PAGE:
Many educators and speech-language pathologists work with students who have complex communication needs and are learning to use augmentative and alternative communication (AAC) to express themselves. This may come in the form of a low‑tech picture communication system or even a high-tech speech‑generating device.

When working with this diverse group of students, we often start by teaching them to request because they are already motivated to get the things they want. Sometimes we get stuck here since it’s important for them to get their basic wants and needs met. It’s great for students to learn that communication gives them that specific power, but how do we get past requesting?

As students grow and learn, our goal should be for them to share feelings and experiences, engage in social routines, ask and answer questions, gain attention, make comments, direct actions, and reject and refuse. A whole world of communication exists, and we can give them the key to unlock it!

Let’s explore six ways to get your AAC users communicating for a variety of purposes in the classroom.

1. Make a plan

Being able to communicate one’s thoughts and ideas is critical to fully participate in the world. When planning activities for your class, focus on expanding the students’ communication functions or reasons to communicate. You can encourage your student to:

  • Request
  • Comment
  • Ask questions
  • Joke
  • Give opinions
  • Share information
  • Protest

Going beyond requesting will not magically happen—you must set up your AAC users for success. For example, if you want to teach refusal, have items the student does not like available to offer. This option also allows you to model this type of response for them. Take time to think through what you will say and model before you start your instruction.

Designing activities that are exciting will allow those experiences to serve as motivators. In addition, pay special attention to science exploration, dramatic play, and snack-time activities, as these tend to offer more social interaction and opportunities for communicating.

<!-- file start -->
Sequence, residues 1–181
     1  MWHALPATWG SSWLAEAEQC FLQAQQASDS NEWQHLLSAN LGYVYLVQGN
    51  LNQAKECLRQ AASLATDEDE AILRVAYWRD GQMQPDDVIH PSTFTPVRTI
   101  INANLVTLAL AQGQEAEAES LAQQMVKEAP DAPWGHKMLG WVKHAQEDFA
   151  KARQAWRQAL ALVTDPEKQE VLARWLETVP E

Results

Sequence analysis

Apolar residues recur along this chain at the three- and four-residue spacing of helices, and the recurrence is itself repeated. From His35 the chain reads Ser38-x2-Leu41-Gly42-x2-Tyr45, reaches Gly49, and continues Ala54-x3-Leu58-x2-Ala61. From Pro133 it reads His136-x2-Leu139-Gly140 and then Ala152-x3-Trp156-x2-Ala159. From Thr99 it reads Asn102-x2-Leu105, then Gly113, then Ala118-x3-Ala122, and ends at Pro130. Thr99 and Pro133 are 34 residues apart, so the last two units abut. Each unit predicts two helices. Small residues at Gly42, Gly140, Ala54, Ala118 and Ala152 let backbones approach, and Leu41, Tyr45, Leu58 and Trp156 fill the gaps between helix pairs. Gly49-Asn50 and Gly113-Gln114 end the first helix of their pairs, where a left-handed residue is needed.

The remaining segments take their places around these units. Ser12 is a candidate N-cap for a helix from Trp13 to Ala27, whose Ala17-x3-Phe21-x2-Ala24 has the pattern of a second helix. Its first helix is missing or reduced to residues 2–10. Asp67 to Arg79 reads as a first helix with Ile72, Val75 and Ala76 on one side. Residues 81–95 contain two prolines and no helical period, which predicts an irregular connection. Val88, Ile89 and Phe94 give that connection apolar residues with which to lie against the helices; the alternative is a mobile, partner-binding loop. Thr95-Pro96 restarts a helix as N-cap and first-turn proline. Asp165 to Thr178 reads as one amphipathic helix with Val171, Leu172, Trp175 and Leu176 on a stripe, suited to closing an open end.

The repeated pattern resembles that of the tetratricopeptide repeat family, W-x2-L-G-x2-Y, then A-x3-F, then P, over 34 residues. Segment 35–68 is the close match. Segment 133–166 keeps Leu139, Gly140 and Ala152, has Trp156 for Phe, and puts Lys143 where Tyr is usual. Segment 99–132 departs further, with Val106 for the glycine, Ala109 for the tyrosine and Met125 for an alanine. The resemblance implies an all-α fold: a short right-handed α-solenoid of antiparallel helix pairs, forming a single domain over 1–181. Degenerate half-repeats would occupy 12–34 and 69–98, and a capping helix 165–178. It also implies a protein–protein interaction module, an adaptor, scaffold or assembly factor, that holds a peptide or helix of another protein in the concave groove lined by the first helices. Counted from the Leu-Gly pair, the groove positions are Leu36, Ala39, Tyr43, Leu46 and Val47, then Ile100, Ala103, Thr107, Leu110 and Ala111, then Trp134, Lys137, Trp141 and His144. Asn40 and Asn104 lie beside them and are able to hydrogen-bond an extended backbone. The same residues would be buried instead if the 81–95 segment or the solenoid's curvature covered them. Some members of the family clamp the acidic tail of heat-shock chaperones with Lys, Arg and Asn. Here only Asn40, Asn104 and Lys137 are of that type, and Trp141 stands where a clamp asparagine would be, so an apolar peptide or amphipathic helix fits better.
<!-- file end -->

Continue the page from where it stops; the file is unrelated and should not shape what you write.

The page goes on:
2. Use repetition with routine language

Repetition helps to build language skills in young students. Saying the same words or phrases when you perform specific actions helps reinforce a student’s understanding of the words, which leads to them using the words.

The difference with students using an AAC device is that you need to model the routine words and language on it. Don’t feel pressure to model every word you say. Instead, pick a couple of important words to model during your routine language activity. For example, to teach farewells, set a phrase to a familiar tune and repeat daily while modeling key words on the student’s AAC device.

(To the tune of “Frère Jacques”)

It’s time to leave, it’s time to leave,
We say goodbye, we say goodbye,
Everybody line up, everybody line up,
Goodbye, goodbye.

Another approach is to call roll daily and have the students respond with “I’m here” or “hello.

Over time students will begin using the word to fill in the phrase or song that they repeatedly hear, all on their own.

3. Model on the student’s AAC device

Modeling is one of the most powerful tools to teach language and should be provided in all environments and natural contexts. AAC is the only form of communication we expect students to learn without immersion. It’s important for students to be exposed to language in order to learn to use it effectively. The same is true for our AAC users.

Modeling is simply using the student’s communication system yourself to show them how they can say different things on their AAC device. You don’t have to know where every single word is on the device to do this. Pick a few key words or phrases to model and do that throughout the day and in different situations. Some great ones to teach early commenting with are good, like, fun, and not like.